Tillery has cancer but has spent more time in the hospital on the neurosurgery floor than on the oncology floor. Where oncology follows Tillery more day-to-day, neurosurgery has been with us during the hardest times.
There are 4 pediatric neurosurgeons at Cincinnati Children’s and 3 of them have done brain surgery on Tillery. Dr. Mangano saved Tillery’s life when she had her brain bleed and had to go into emergency surgery in the middle of the night. Dr. Stevenson was on call on the afternoon when Tillery’s EVD drain tubing fell out of her head last Fall and she had to have emergency surgery to replace it before pressure built up in her head. But her lead surgeon, the one who we feel the most comfortable with, is Dr. Vadivelu, or Dr. V for short.
Dr. Vadivelu met us the first night in the emergency room with Dr. Fouladi. He then took Tillery to the operating room for the majority of the next day. After that surgery, we met him in a consult room and he said some of the scariest things I have heard in my entire life but did it in such a way that we felt oddly comforted. Over the next few weeks, we saw Dr. V many times late at night and we would always joke with him, asking if he ever went home or slept. I’ll always remember the day he told us about his own son who is the same age as Tillery and he said that when he sees her he thinks of his child. A few months back, I had the opportunity to meet that son as well as Mrs. V and their other kids when they were at the hospital to visit him (on a Saturday night and he was at work!). I told his wife, “Your husband has saved my daughter’s life.”.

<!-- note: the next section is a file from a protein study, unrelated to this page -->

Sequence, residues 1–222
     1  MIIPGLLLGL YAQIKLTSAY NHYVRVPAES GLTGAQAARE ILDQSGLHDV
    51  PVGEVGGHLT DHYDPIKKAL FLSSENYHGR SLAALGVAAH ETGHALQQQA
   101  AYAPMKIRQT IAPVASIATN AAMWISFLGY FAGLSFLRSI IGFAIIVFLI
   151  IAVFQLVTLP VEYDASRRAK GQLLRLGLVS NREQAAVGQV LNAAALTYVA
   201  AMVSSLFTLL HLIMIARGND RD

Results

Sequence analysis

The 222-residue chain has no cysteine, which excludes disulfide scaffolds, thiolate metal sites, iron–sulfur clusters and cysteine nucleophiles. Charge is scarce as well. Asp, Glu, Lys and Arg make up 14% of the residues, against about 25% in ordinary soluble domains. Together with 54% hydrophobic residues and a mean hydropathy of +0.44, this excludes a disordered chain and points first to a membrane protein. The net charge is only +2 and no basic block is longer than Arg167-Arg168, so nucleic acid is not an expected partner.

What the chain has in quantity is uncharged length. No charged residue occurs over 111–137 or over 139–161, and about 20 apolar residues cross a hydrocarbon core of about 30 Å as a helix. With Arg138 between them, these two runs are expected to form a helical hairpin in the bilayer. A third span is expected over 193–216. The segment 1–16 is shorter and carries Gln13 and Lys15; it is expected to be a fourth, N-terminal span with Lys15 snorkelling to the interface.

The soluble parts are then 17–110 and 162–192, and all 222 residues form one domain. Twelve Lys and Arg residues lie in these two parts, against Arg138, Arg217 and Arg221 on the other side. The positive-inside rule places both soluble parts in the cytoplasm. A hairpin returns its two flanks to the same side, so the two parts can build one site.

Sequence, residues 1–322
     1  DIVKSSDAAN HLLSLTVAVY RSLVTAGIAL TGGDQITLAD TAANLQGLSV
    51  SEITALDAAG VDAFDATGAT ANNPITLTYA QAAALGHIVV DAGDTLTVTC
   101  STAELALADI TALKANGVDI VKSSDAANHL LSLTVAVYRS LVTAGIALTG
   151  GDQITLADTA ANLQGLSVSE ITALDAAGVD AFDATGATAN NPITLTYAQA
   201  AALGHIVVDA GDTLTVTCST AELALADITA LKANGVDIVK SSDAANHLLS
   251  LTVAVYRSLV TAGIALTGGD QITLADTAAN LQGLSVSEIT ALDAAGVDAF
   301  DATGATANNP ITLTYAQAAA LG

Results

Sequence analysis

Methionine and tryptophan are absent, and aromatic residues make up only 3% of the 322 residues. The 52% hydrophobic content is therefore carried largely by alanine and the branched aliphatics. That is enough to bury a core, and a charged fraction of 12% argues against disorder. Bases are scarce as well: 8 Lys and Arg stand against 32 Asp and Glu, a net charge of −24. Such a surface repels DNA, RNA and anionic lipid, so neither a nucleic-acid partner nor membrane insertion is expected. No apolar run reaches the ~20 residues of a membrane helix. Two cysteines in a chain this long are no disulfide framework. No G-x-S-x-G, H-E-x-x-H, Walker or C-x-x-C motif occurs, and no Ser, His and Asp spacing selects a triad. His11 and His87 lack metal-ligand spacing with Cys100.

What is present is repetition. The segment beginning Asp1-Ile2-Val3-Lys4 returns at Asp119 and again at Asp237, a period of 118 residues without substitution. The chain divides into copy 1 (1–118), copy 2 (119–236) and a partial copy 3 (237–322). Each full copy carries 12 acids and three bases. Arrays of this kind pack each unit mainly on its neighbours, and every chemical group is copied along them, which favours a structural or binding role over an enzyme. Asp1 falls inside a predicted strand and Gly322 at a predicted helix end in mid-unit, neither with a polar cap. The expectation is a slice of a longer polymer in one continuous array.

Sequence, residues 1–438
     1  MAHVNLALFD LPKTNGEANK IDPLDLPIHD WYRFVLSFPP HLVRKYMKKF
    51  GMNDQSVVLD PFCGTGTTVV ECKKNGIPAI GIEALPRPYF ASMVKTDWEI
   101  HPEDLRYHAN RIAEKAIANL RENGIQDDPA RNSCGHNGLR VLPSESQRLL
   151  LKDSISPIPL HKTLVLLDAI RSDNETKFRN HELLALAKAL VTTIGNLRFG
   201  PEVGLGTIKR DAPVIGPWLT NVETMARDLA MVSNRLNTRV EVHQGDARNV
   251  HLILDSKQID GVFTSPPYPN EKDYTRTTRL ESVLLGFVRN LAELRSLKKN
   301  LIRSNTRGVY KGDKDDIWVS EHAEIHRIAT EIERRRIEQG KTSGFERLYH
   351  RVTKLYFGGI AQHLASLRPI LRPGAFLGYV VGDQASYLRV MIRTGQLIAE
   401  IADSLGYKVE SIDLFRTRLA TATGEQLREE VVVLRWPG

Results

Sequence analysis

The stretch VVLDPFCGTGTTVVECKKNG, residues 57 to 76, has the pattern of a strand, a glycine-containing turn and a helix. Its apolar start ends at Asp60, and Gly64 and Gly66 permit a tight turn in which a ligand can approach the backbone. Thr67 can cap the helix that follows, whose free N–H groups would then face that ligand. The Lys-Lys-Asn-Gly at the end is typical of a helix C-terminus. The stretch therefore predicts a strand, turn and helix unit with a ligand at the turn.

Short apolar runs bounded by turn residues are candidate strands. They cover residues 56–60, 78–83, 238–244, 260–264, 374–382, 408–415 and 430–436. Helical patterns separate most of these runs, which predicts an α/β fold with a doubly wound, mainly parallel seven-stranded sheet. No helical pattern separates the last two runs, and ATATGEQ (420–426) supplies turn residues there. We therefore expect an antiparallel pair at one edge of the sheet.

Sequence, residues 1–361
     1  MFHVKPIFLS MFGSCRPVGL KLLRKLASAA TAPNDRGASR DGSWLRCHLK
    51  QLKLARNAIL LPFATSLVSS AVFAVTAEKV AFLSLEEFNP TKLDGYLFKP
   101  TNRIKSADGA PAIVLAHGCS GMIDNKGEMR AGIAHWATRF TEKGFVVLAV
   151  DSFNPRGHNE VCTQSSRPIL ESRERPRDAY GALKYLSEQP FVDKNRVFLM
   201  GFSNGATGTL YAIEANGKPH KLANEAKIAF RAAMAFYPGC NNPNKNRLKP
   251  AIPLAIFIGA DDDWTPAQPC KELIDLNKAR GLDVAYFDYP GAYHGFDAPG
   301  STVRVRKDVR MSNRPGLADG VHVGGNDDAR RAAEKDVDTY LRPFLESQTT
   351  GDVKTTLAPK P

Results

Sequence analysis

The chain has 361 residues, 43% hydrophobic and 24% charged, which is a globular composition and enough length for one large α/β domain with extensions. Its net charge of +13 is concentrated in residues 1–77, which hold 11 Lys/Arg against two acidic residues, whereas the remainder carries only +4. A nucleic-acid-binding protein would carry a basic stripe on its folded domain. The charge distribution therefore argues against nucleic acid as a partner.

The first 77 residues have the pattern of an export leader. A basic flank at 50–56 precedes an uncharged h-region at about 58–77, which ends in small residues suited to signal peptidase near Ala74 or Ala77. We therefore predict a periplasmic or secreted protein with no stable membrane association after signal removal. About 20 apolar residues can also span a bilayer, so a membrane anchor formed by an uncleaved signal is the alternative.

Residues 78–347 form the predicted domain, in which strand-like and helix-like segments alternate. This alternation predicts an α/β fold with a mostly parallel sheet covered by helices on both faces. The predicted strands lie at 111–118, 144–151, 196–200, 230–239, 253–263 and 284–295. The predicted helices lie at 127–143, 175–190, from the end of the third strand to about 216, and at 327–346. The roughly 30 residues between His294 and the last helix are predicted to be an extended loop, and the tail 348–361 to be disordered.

In addition to the neurosurgeons, there is a slew of nurse practitioners who we see regularly. They are the ones that make the rounds daily in the hospital. They always round early so they have woken me up more times than I should admit to. It’s a group of ladies and I’ll be honest, I get all their names confused. Instead, when I talk about them, I describe them. “The brunette with the ponytail.” “The blonde who always looks mad.” (There are actually two mad blondes.) and then one day I described one as “The hot one.” In my defense, I ran out of descriptors and if you saw her you’d probably think it, too. Joe always laughs about that now and when we talk about any of the NP’s he always asks, “Is it the hot one?”
Truthfully, the nurse practitioners have seen me at my absolute worst. I’ve yelled at them. I’ve complained to them. I’ve blamed them for things. I’ve questioned things they have told me. Remember, these people come by really early, shining flashlights in Tillery’s eyes, and have often been the ones tasked with giving me news like, “we have to do bedside stitches…again” or “we are going to have to take her to the OR immediately”. When we were in the hospital for 10 weeks in the Fall, I saw these women daily and we started to slowly form friendly bonds. A month ago, when we were at the hospital, we ran into the ladies in the hospital corridor and they all had big smiles as we met up. They were thrilled to see Tillery walking but admitted that at first they didn’t recognize me. I want to say it was because I had had a haircut but in truth, I think it’s because I wasn’t in my pjs!
I don't have any pictures of our neurosurgery team so instead, today I give you a video of what they gave us. This is Tillery eating a grilled cheese, 24 hours after her first brain surgery. We had no idea what the next day would bring. What it brought was our child, alive, improving, eating.
Link to the video: https://www.facebook.com/alanasphillips5/videos/10152458220368178/